- Rating: 16/20
- One-line review: About 11 months ago, I found myself at the counter of husband-and-wife operation, Sushi Hashiguchi. The rain was pouring, and we weaved our way through a mix of low-intensity work buildings and 3-4 storey residential buildings. It seemed we had lost our way, because there were no storefronts or nearby restaurants. After turning on Google maps, we finally caught a glimpse of a lantern, and made our way up the steps into an elegant room.Sushi Hashiguchi, at that time, was the second-rated sushi house on Tabelog, the Japanese restaurant review site. It is especially famous for the “dancing” sushi, where the chef folds an air pocket between neta (topping) and shari (rice). The topping collapses slightly into the rice and thus provides an impression of dancing. In reality, this motion is microscopic and almost unnoticeable, unless you pay a lot of attention. If I was not looking out for it, I might have missed it completelyThe sushi at Hashiguchi is comforting food. The rice is lightly vinegared, warm and disintegrates easily into the mouth. The pristine flavors can either be a drawback or a blessing, depending on whether you think it is boring or enlightened that Hashiguchi does not heavily modify or touch up his ingredients (a necessity of his working practices, I might add, because Hashiguchi has no apprentices – all the prep work is done by himself, while his wife tends front of house). I found it boring, but your mileage will vary. Certainly there is room to apply a religious sensibility and delight in the joy of simple sushi.
A sumi-ika dish mixed the best starchy textures of spear-squid with broken uni, and was probably the most distinctive dish here. We probably committed a bit of a mistake by sequencing three consecutive big meals together – this was the last of a 1.5 days sequence beginning with Seizan, Noma in Tokyo, and finally this restaurant. As they say in Osaka, “kuidaore”!
- Best dishes: Mirugai sashimi,, sumi ika and uni, kohada, otoro, anago sushi from Kyush
- Hirame or sole. The texture was softer than Mizutani’s (3.75/5). I find pure hirame (not engawa, which is the outer part of the fin and delicious either by itself or torched aburi-style) an acquired taste. At its best it is somewhat tasteless, similar to kawahagi (filefish) in being a filler fish.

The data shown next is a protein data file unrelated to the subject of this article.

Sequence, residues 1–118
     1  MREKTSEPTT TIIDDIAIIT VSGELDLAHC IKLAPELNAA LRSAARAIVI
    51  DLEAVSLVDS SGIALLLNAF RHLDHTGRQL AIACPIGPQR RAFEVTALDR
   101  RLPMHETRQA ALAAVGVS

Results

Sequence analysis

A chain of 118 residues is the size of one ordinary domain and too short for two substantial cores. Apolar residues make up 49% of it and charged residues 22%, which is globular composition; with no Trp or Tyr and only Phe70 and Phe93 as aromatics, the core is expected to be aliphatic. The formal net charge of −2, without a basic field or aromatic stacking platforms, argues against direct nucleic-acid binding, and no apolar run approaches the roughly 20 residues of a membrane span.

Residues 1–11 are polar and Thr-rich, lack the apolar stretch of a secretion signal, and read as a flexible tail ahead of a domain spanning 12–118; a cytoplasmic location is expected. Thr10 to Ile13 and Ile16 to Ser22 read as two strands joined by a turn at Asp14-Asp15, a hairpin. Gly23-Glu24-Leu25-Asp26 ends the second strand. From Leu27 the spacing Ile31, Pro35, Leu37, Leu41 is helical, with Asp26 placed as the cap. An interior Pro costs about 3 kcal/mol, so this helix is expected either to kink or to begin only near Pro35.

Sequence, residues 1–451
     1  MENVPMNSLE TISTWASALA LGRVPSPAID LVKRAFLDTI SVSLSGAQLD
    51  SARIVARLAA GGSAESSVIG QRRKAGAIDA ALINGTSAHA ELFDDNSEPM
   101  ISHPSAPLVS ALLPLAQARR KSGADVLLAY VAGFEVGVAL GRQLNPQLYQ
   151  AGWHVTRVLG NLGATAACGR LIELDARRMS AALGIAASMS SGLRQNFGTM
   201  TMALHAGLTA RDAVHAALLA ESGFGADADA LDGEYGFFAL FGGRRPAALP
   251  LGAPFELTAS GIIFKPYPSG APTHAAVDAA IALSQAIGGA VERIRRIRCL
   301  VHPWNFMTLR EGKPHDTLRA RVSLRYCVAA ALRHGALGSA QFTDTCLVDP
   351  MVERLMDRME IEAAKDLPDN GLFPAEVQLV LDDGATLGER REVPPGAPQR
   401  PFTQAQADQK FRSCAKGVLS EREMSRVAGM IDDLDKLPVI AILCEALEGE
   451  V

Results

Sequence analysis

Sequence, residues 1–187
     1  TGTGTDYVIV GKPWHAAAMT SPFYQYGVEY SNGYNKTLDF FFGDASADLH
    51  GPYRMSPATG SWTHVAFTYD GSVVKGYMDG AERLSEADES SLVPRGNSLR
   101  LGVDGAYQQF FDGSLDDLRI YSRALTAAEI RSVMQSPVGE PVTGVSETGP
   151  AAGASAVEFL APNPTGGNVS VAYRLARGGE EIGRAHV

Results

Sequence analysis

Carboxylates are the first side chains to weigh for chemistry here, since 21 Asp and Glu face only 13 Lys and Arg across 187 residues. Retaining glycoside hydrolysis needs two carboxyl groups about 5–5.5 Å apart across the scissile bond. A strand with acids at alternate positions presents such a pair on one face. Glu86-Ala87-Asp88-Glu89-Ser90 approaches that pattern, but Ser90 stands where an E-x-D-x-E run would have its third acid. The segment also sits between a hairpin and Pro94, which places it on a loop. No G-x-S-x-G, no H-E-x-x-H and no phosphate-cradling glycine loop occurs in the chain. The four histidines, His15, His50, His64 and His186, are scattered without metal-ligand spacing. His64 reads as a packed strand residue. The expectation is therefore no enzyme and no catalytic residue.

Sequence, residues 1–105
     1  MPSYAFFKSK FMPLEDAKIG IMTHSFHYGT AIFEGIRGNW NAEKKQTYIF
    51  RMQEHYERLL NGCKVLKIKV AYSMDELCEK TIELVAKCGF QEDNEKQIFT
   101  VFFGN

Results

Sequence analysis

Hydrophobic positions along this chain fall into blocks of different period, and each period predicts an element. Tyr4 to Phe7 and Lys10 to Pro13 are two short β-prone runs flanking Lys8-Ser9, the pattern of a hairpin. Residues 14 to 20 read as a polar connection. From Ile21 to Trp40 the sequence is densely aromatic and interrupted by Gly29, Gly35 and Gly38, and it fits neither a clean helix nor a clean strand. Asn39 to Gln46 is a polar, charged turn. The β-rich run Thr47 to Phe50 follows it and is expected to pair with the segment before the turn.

- Mirugai or geoduck. (4.75/5) Texture was crunchy yet soft past the first chew. The best piece probably here
- Hotate (a big scallop) brushed with soy, wrapped in crisp nori (hotate shoyuyaki). Sweet and moist (4.5/5)
- Sayori with shreeded shiso leaves (4.25/5). Fantastic and firm texture, though taste was a little flat
- Shreeded radish and shiso, salty seaweed
- Boiled kuruma ebi (tiger prawn), with head and guts. (4/5) The sweetness is telling of a first-class specimen, but the starchy texture of kuruma ebi is something I don’t like. It is I believe unavoidable, I have had first class examples from Saito and Hashiguchi – but there is no eliminating the feeling of eating an oversized piece of sea-insect. The problem is that Kuruma ebi prawn flesh may be sweet, but anodyne and one-dimensional. I believe the Chinese way of cooking is preferable, since it introduces variation by aromatic accompaniments
- Sumi ika and uni with wasabi (4.5/5) A specialty here, this was an extremely rich broth of Hokkaido bafun uni (broken with chopsticks), soy, wasabi and creamy sumi ika.
- Kaibashira (small scallops with mustard greens) (3.75/5)
- Whitefish (Hirame) (3.75/5)
- Redfish “Izuki” (sic) (4/5)
- Sumi ika – smooth, strong wasabi, firm rice (4/5)
- Kohada – what we needed, a smooth fish with strong vinegar taste (4.75/5)
- Akagai (4.5/5) sweet
- Chutoro (4.75/5)
- Otoro (5/5)
- Mackerel (“himesa” sic) (4.5/5)
- Aoyagi 4/5
- Hamaguri (4/5)
- Bafun uni 4.5/5
- Sumi-ika. Cooked squid (4.5/5)
- Anago from Kyushu (5/5)
- Tamago. Cold custard